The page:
Fingernail Health: What’s Hot, What’s Not



Next time you visit your doctor, ask them to take a look at your nails. Tamara Lior, MD, a dermatologist with Cleveland Clinic Florida says she once convinced a patient to have his lungs checked after noticing a blue tint to his nails. She was sure he had fluid in his lungs and sure enough, the tests proved positive. 

Fingernail appearance can reflect our overall health AND a wide range of medical conditions.   Below are some visual clues to possible problems. Of course, it’s not a certainty, but it’s a good idea to get it checked if you find your nails look exactly like one of these photos.    Keep an eye out for elderly parents and loved ones too.  Brace yourself.  Some of the pics aren’t pretty. 


1. Nail Separation – infection, injury, thyroid disease, psoriasis

2. Clubbing – lung disease, low oxygen in blood, AIDS, liver disease

3. Beau’s Lines – diabetes, congestive heart failure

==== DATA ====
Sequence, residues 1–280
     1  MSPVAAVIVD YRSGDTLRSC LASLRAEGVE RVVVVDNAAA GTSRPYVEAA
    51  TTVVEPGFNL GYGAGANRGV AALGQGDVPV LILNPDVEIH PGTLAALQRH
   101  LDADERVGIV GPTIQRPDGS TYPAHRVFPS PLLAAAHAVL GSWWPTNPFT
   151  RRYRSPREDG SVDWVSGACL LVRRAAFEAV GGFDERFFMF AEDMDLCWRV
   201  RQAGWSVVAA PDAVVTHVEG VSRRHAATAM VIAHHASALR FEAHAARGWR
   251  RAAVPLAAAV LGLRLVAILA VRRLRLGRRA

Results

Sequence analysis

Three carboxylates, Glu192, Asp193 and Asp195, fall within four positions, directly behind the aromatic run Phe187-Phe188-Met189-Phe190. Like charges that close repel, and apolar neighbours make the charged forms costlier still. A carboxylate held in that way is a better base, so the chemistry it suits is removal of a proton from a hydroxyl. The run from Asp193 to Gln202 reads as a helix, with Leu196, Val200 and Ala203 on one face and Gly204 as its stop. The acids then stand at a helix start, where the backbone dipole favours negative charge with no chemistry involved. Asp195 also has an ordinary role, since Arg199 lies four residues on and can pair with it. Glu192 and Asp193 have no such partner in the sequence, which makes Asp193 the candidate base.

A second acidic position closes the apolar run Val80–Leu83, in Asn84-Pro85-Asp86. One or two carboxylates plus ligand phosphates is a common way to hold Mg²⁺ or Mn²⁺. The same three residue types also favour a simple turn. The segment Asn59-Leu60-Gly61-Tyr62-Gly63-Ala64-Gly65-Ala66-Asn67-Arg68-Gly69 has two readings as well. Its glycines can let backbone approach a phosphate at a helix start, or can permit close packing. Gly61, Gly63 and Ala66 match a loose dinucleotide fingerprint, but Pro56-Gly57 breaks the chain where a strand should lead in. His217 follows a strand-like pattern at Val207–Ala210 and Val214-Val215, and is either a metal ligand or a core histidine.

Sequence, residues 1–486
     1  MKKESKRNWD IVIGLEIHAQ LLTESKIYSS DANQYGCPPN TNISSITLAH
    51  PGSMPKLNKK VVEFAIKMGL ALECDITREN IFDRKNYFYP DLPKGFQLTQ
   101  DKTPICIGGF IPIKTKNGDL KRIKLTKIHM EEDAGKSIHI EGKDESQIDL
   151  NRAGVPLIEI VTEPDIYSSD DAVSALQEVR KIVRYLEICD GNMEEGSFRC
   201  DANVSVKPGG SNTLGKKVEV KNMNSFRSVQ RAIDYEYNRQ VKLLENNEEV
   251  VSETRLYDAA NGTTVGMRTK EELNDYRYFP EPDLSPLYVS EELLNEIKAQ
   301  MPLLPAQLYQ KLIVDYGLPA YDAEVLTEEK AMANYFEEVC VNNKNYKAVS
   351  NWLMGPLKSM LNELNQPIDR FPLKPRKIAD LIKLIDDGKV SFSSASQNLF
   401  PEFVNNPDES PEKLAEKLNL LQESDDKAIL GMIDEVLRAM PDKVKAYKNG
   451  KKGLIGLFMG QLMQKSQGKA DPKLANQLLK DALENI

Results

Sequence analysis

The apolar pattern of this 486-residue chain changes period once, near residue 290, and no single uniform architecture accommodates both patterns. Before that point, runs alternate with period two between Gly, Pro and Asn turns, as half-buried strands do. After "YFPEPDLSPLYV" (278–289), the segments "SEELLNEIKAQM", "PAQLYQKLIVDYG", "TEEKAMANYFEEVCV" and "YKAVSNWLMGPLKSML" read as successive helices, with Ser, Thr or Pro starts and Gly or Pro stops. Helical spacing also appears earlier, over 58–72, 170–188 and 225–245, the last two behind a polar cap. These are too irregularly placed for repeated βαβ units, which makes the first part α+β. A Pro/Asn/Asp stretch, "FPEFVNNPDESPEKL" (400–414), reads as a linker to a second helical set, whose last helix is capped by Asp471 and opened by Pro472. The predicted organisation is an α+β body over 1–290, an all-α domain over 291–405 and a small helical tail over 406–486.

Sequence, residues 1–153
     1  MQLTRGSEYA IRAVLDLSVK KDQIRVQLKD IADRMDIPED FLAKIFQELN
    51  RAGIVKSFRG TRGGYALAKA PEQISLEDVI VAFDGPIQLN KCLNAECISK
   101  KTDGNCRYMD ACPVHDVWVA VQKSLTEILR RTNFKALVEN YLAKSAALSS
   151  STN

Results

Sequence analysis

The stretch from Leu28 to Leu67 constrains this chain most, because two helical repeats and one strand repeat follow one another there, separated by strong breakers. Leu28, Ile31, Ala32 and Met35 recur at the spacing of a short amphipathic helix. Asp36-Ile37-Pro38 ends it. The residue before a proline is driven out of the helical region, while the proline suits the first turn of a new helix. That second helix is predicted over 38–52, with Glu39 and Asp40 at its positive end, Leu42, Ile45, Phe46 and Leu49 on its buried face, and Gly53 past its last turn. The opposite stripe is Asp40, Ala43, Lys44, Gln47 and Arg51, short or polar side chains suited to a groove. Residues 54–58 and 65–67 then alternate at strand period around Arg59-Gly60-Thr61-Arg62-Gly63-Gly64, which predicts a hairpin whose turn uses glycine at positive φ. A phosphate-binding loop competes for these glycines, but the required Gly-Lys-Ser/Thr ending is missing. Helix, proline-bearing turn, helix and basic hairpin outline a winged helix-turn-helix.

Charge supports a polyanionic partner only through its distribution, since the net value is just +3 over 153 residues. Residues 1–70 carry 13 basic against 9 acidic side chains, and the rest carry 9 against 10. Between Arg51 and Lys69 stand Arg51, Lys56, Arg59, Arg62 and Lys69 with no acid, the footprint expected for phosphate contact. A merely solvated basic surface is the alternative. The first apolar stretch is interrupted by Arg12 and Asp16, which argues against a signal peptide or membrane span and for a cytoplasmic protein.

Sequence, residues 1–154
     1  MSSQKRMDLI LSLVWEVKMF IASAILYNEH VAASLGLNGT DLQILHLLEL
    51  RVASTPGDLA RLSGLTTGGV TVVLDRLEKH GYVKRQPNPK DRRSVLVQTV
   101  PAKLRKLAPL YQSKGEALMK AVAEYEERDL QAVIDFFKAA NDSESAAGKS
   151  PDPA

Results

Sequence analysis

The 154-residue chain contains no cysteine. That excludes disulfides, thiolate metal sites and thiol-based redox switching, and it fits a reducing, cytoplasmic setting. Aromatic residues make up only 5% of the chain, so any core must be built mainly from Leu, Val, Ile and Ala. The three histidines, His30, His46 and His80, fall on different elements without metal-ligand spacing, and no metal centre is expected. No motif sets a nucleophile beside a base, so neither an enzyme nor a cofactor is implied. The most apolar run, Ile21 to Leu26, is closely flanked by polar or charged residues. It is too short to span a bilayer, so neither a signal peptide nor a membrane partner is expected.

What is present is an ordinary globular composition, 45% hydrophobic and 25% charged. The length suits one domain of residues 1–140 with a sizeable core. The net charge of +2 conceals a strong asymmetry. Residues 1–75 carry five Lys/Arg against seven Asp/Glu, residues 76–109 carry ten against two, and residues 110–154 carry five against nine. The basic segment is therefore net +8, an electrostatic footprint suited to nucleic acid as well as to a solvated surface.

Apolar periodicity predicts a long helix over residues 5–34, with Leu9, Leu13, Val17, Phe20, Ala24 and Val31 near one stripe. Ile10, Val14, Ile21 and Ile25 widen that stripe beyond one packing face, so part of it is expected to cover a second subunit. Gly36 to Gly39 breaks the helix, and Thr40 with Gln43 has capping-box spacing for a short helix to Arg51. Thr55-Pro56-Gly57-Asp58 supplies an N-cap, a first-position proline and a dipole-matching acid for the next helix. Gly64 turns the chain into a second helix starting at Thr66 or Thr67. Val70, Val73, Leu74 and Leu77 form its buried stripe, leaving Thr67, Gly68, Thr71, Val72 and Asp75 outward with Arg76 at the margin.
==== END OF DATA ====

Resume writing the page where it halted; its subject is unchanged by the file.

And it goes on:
4. Pitting – psoriasis, connective tissue disorders

5. Yellow Nail Syndrome – chronic bronchitis, lymphedema, respiratory disease

6. Spoon Nailsanemia, iron deficiency, hypothyroidism, heart disease

7. Terry’s Nails – liver disease, diabetes, malnutrition

7 Other Color Change Warning Signs:

  1. White nails – Liver diseases such as hepatitis
  2. Half-white, half-pink nails – Kidney disease
  3. Red nail beds – Heart disease
  4. Pale or white nail beds – Anemia
  5. Dark lines beneath the nail – Melanoma
One of the most common conditions is fingernail fungus, this causes the nails to crack, peel and change color or texture. These infections are often difficult to treat and may require professional help from a dermatologist. Basically, you want to be alert to changes in texture, shape, or color that aren’t due to a bruise or fungal infection.

Consult your doctor or dermatologist if you notice any of the above.


  • Abuse your fingernails. To prevent nail damage, don’t use your fingernails as tools to pick, poke or pry things.
  • Bite your fingernails or pick at your cuticles. These habits can damage the nail bed. Even a minor cut alongside your fingernail can allow bacteria or fungi to enter and cause an infection.